Succeeding in television is now an extreme sport. In the future, it might be even more challenging. It used to be that "value-added" meant more stuff for the sponsors to get on the buy. In the future, the term will need to mean a more lucrative buy from
In the 1990s, the marketing mantra was branding. That's still the Holy Grail of television positioning today, in our era of clutter and viewer fragmentation. Our industry embraced the importance of branding during the past decade. On that scale, I have to give the television industry an A for achievement.
But now the bar has been raised. Managers are being challenged by the demand for greater ratings and demos, as well as by an environment with less promotional inventory, smaller budgets and, in most cases, reduced staffs. Talk about reality TV.
So what's the mission in this decade? In a mature industry that's slicing the available-audience pie pretty thin, the new mantra has to be "monetize your viewers": Make your promotion department your new profit center. The successful leaders of this decade will be those who can monetize viewers, or produce real, new revenue from their ratings above and beyond the time buy.
Simply "selling spots" isn't enough to meet the profit expectations of the corporate parents we all serve. Television is now just about everywhere—in taxicabs and new Chevy 4x4s, on Palm Pilots and even video-screen cell phones. To keep viewers' attention on programs and their advertising, programmers are going to have to learn to seamlessly weave advertising and promotion through their programs and services.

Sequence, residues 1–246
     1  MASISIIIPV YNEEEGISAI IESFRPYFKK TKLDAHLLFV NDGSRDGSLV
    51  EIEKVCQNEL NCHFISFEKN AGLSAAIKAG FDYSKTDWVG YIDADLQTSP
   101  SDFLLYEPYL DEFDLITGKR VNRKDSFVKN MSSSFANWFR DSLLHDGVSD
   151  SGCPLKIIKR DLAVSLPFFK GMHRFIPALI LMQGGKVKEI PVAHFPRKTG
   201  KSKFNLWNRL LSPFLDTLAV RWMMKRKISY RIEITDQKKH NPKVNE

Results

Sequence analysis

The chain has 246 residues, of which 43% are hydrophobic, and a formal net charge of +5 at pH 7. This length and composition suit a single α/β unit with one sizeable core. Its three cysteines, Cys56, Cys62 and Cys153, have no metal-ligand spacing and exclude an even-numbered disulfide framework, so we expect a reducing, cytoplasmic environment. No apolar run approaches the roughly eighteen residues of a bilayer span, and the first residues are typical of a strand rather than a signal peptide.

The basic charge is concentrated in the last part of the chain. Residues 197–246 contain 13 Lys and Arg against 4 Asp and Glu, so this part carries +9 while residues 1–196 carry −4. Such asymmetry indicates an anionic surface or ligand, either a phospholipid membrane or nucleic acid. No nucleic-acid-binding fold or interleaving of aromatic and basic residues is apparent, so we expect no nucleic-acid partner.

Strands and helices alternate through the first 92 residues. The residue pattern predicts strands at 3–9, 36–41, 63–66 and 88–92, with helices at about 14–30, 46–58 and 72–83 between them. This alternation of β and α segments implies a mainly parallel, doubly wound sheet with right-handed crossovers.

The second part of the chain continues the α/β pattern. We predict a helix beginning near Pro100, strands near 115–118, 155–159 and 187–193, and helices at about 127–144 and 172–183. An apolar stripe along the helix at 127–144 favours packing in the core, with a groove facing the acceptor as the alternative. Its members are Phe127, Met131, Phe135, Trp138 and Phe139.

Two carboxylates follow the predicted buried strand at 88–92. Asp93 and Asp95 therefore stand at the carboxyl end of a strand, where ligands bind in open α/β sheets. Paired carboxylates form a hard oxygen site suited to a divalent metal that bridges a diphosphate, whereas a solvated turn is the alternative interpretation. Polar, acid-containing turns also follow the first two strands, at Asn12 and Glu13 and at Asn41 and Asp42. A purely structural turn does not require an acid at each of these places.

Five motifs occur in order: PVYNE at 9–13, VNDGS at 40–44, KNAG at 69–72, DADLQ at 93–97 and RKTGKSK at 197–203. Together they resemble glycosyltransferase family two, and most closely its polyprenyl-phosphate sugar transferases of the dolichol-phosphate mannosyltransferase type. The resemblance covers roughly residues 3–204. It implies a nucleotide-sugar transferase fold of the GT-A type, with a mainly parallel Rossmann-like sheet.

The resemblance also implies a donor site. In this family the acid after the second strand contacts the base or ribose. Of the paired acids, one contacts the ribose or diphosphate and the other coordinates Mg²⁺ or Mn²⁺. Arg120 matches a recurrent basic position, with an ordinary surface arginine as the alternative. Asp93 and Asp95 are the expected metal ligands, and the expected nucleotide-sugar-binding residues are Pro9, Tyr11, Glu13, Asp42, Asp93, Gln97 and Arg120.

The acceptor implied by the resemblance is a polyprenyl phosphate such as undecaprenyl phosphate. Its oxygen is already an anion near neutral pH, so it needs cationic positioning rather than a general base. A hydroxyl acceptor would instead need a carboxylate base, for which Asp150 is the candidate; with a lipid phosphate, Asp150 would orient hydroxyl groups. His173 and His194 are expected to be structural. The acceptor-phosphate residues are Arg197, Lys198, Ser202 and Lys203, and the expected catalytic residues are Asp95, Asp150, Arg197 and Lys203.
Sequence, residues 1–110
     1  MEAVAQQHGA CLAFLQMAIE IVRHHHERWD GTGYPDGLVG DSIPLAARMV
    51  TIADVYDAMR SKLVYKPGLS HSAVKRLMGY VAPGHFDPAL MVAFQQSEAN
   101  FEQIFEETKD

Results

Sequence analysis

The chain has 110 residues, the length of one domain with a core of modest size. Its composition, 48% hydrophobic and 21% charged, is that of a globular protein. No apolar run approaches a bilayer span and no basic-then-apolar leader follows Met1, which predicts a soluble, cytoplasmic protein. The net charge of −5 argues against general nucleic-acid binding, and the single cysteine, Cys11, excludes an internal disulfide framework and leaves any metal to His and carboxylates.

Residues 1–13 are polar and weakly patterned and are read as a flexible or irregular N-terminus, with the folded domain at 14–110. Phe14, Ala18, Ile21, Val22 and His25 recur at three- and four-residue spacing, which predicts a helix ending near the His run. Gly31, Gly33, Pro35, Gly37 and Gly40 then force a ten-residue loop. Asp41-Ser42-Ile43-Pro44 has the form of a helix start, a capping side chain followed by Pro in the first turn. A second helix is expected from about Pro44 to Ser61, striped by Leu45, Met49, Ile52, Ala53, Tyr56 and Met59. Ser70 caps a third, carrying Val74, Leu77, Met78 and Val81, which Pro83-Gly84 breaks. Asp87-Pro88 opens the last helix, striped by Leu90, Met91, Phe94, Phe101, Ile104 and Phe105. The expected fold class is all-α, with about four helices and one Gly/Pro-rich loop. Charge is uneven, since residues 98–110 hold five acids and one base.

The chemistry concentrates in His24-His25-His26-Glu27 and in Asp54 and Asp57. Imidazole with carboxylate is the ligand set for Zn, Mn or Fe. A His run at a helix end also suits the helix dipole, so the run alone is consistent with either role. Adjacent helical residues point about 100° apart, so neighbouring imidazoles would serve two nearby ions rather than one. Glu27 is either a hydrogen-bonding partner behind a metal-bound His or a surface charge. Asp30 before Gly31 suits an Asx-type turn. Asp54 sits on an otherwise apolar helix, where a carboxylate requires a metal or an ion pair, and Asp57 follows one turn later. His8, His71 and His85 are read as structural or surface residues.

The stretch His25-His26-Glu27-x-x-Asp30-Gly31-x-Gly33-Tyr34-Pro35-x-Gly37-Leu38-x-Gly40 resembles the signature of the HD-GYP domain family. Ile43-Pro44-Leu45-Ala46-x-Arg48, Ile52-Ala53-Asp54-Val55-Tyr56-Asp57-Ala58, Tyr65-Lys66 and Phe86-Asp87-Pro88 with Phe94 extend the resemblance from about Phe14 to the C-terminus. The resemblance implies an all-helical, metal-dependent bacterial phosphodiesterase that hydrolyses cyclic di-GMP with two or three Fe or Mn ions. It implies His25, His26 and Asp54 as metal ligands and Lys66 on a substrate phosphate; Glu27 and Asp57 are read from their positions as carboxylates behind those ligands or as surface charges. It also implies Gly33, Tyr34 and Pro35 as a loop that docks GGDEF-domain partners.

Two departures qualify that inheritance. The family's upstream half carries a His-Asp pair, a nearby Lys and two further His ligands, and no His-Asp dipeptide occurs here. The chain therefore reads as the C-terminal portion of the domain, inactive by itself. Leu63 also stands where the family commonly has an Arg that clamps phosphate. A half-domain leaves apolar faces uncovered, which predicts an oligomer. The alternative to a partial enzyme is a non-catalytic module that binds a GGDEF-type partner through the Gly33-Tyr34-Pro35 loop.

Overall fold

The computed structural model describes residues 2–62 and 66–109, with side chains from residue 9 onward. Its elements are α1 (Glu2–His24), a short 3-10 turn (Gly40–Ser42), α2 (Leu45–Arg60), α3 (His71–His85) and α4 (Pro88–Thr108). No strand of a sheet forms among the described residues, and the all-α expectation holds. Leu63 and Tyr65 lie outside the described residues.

Sports (think the Cadillac parked on the field during the Super Bowl on ABC) and reality TV (the Diet Coke cups on American Idol) deserve credit for being the development labs for these new moneymaking opportunities. With each generation of shows and promos, our industry's marketers are getting better and better at matching co-branded messages. And it works. Our research confirms that, even though this is an era when people increasingly tune out commercials, viewers remember product placement and tie-ins with sponsors.
Let's take it a step further and get into the change I'm really talking about. New shows like Live From Tomorrow
on The WB will break even more ground, weaving Pepsi and other revenue-generators into the show itself, without any commercials at all.
In Asia, cable channels like Discovery and MTV are brilliantly integrating sponsor messages into a new generation of network promos/ads. In effect, the promo and image spots for the networks themselves carry a seamless branding message for advertisers, which results in sold promo time that generates premium revenues in addition to the ad-sales buy.
(This new generation of promos will be the subject of a key session at the PROMAX/BDA conference in Los Angeles in early June.)
"Monetizing viewers" is the model for success this decade and can be creative, lucrative and fun. Doing it well can turn passive viewers into active consumers and will ensure your job prosperity for at least 10 years. That's a combination of factors we can all use for a change.